While those of you on this side of the pond are unlikely to be familiar with A Wrinkle In Time: Madeleine L’Engle’s seminal YA novel, originally published in the early 60s, and the first instalment in her highly lauded ‘Time Quintet’ series. Over in America the book is something of a childhood mainstay, studied in classrooms for more than fifty years now, and beloved by many for its intellectual & emotional underpinnings.

This warm-hearted and well-intentioned adaptation from Ava DuVernay – the first Hollywood blockbuster with a budget of $100million to be directed by a woman of colour – may not be the runaway success many were hoping it would be, but it’s hard not to be impressed by how the director gamely tries to craft a cohesive piece of cinema from the intricacies of L’Engle’s complex narrative.

It tells the story Meg Murry (Storm Reid), and her younger brother Charles Wallace (Deric McCabe), both of whom are struggling to adjust to life at home and at school after their father Alex (Chris Pine), a well-renowned scientist specialising in Astrophysics, mysteriously vanished one night while investigating whether it was possible to teleport between galaxies. Contrary to the opinion of others, Meg, Charles Wallace, and their mother Kate (Gugu Mbatha-Raw) believe Alex’s disappearance to be directly linked to his field of study; that he was able to use a concept known as a “tesseract” to travel to another world, but was unable to return.

Then, one day, Meg and her brother are contacted by a trio of astral travellers – Mrs. Whatsit (Reese Witherspoon), Mrs. Who (Mindy Kaling), and Mrs. Which (Oprah Winfrey), collectively known as the “Mrs” – who reveal that Alex has been captured by an enigmatic entity known as “The IT”, which is malevolently plotting to take control of the universe. Joined by Meg’s classmate Calvin (Levi Miller), the group set-off across space and time, guided by the Mrs, to save Alex from The IT’s evil grasp.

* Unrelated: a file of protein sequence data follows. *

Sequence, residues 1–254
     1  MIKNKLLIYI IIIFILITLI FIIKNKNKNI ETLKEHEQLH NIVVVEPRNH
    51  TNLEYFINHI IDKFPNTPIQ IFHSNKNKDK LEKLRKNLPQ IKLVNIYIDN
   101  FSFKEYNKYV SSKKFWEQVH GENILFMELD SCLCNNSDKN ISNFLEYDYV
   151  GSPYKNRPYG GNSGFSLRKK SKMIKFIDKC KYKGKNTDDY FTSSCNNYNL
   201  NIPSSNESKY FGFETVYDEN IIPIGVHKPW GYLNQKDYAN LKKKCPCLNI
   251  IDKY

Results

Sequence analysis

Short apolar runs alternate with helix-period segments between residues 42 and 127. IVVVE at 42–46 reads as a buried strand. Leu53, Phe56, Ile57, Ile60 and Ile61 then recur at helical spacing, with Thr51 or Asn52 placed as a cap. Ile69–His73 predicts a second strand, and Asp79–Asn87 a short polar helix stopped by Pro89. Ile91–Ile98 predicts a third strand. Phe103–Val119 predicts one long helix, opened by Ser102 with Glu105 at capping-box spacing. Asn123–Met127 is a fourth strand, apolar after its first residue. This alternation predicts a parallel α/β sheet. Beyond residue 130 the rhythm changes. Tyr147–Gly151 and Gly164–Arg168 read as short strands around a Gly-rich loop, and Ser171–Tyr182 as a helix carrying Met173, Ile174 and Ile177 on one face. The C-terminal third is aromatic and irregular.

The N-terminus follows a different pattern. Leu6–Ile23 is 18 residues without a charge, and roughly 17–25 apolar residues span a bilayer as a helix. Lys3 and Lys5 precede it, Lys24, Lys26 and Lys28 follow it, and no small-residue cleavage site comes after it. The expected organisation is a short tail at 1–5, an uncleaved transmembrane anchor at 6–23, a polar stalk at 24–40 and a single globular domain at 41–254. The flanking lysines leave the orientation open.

Less Interstellar for infants, and more a woke Wizard of Oz, DuVernay’s dizzying ambition is apparent in every frame, in spite of the twee, Disney Channel aesthetic, and markedly uninspired CG-heavy landscapes; the garishly-coloured Pandoran surroundings that Meg & co. travel to seemingly based on rejected designs from Cameron’s Avatar. Likewise the script, written with a soulful energy by Jennifer Lee and Jeff Stockwell, regularly appears overwhelmed by dialogue that’s heavy with exposition, and a plot so convoluted that at times it’s impossible to make sense of.

There’s a vigour and invention to DuVernay’s vision, though: Meg’s adventure bursting with an insane creative wonder that can’t help but leave you smiling with a crazed grin. This is a film where Oprah is introduced as a towering projection that fills the screen, where an underused Kaling communicates almost exclusively through the words of others, and where, at one point, Witherspoon bizarrely morphs into a piece of flying foliage as a mode of transportation. And somehow, by the end, it all becomes so bamboozling that such occurrences begin to seem normal.

What grounds film, ultimately, is its central performance: Storm Reid’s spirit and sensitivity instilling A Wrinkle In Time with an emotive core that juxtaposes the various artificial environments with a sense of naturalism and honesty. Her pain is genuine, and her strength so formidable that she carries much of the film singlehandedly. The message Meg’s journey imparts is one of hope and empowerment, encouraging its young audience to always believe in themselves, even in times of great hardship. It’s an endearingly wholesome lesson, so potent, so intensely profound when viewed against the backdrop of the film industry’s ongoing conversation about the need for diverse representation & gender equality. And thanks to the command of Reid’s remarkable work, it’s delivered with a thunderous authority.

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